COMMENTARY

Improve Vision, Make Money

American Academy of Ophthalmology 2013

Melissa M. Brown, MD, MN, MBA

Disclosures

November 26, 2013

Editorial Collaboration

Medscape &

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In This Article

The Value of Cataract Surgery

Hello. I'm Dr. Melissa Brown. I am a research associate at Wills Eye Hospital in Philadelphia. I am also CEO of the Center for Value Based Medicine.

The Center for Value Based Medicine was started 10-15 years ago. It is a think tank in Philadelphia, and the doctors there look at medical economic data and do quality-of-life research as well as primary research with patients to be able to apply and evaluate what works in medicine and what doesn't work, because we can tell over the years that we are going to need that economic data. I want to make sure that my kids and now my grandkids have good healthcare, and unless we are able to show what works and what doesn't work with good data, it is going to be difficult to make sure that the healthcare system stays nice and strong.

Welcome to Medscape Ophthalmology Insights, coming from the American Academy of Ophthalmology (AAO) meeting in New Orleans. This is part of a series of commentaries produced in cooperation with Medscape and Wills Eye Hospital.

Today I will be talking about the value of cataract surgery within the foundation of value-based medicine. Value-based medicine is not complicated. It is very easy; it is the practice of medicine based on value. You have all heard about evidence-based medicine. This takes it one step higher, to the practice of medicine based on value. The value that we are looking at is patient value and financial value gained from medical interventions.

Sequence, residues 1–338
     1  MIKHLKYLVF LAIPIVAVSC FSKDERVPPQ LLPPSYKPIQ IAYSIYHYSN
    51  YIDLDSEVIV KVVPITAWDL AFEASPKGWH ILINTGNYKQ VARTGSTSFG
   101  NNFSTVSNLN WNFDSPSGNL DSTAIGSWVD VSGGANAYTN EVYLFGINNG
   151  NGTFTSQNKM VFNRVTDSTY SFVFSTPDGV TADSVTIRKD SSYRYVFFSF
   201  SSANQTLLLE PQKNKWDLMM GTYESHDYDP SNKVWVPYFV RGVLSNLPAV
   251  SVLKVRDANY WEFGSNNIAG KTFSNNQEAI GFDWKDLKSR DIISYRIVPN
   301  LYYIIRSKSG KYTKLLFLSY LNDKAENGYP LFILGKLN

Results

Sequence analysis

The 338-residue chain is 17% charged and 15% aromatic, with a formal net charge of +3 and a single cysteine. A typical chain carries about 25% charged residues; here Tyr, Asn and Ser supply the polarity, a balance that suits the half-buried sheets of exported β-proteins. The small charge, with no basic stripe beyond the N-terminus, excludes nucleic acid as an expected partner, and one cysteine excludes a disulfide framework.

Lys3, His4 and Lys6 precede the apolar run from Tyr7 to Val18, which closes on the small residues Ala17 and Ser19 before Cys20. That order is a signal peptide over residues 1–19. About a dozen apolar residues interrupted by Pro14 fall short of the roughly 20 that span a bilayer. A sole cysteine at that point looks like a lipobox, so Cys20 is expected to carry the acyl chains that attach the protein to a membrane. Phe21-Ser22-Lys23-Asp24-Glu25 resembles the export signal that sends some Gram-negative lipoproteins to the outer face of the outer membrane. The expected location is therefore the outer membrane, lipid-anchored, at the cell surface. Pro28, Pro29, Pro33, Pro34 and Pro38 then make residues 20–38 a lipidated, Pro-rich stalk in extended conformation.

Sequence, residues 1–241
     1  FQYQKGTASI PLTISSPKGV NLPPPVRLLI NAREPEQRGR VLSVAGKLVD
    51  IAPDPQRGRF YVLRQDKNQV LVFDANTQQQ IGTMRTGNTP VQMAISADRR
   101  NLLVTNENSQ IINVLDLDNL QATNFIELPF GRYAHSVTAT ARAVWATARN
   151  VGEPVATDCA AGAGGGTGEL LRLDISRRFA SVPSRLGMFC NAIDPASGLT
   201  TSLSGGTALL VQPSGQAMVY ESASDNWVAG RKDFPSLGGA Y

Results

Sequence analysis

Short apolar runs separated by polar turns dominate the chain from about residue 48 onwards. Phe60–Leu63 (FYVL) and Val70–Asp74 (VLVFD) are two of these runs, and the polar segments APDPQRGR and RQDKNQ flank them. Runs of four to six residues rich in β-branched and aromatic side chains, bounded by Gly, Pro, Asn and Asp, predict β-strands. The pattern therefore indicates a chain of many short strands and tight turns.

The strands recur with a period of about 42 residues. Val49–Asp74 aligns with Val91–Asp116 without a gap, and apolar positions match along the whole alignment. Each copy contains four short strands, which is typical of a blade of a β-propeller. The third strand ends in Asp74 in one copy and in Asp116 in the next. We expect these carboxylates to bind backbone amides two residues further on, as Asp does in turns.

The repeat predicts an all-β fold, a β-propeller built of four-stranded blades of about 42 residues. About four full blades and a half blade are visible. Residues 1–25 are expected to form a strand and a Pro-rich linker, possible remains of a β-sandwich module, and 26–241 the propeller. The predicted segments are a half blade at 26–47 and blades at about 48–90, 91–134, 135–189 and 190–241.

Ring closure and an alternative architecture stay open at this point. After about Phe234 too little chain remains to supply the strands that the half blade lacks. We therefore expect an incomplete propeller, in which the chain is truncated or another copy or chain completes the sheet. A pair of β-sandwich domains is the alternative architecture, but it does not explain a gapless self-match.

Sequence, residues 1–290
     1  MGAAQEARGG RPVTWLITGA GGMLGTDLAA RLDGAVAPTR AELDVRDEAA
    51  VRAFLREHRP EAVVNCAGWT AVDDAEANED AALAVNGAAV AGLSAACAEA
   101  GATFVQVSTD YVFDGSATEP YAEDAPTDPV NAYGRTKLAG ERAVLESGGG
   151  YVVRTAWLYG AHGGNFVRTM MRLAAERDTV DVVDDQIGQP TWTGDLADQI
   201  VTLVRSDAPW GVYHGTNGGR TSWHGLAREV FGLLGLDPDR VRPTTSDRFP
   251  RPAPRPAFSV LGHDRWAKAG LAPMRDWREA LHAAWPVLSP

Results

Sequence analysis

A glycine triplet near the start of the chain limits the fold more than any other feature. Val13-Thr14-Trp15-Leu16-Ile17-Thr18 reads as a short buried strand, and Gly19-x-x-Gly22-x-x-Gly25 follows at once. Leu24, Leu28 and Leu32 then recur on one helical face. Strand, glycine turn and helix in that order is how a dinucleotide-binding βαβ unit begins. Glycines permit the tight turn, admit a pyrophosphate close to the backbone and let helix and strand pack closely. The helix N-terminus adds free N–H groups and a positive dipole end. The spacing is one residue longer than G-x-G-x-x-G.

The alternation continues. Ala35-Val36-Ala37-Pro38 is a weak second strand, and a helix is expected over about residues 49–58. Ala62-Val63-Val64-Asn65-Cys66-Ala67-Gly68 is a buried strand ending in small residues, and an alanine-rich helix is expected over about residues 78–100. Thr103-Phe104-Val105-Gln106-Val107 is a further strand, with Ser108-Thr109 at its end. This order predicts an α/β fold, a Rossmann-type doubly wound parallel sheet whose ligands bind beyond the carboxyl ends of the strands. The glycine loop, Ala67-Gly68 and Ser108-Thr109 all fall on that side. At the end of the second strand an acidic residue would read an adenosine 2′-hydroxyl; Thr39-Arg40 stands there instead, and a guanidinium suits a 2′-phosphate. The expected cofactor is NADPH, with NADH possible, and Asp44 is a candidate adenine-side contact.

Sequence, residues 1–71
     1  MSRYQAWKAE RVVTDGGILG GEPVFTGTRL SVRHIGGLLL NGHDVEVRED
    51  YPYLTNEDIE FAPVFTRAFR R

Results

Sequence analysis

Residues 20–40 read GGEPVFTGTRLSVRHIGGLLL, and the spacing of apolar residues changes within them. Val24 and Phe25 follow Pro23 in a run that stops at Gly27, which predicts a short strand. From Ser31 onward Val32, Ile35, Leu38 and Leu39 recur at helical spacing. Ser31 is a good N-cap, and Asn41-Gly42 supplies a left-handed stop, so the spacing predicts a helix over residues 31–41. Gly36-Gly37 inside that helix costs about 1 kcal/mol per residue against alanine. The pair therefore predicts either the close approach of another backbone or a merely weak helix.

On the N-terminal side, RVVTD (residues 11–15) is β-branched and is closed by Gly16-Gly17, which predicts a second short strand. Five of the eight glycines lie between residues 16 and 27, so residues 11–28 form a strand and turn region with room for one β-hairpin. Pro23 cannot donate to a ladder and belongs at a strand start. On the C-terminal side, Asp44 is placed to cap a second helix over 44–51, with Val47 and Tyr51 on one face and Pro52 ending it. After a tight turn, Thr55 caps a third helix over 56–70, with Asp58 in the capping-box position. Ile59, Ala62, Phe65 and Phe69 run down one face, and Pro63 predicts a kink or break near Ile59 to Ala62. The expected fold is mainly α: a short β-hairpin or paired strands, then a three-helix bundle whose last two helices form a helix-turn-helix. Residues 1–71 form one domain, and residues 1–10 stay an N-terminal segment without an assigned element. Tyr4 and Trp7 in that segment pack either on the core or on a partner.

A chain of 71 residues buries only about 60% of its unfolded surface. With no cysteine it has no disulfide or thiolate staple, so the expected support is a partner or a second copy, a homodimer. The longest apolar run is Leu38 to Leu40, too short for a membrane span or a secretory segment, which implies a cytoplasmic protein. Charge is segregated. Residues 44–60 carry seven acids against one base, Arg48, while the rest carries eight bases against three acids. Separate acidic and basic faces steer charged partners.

Usually when I talk about this topic, I have a nice big poster that shows 3 different blocks. The first block is evidence-based medicine. The second block is value, and the third is economic analyses. It is basically a flow chart. We start with evidence-based medicine, which is our clinical trials, like that being reported this week at the Academy. We have many great clinical trials that give us good data on what the different interventions can do. They don't tell us much about the value to individual patients. We take our evidence-based medicine, apply patient value to that, and then we look at the costs and figure out how much it costs to get this great value and whether it is really worth it. Is it a good thing? We know that we want to use interventions that have good value, but if you have interventions that are similar, we need to look at costs. When we look at patient value, we are looking at the improvement of length of life or quality of life (QOL), and in ophthalmology, for the most part we are looking at improving the QOL through improving vision.

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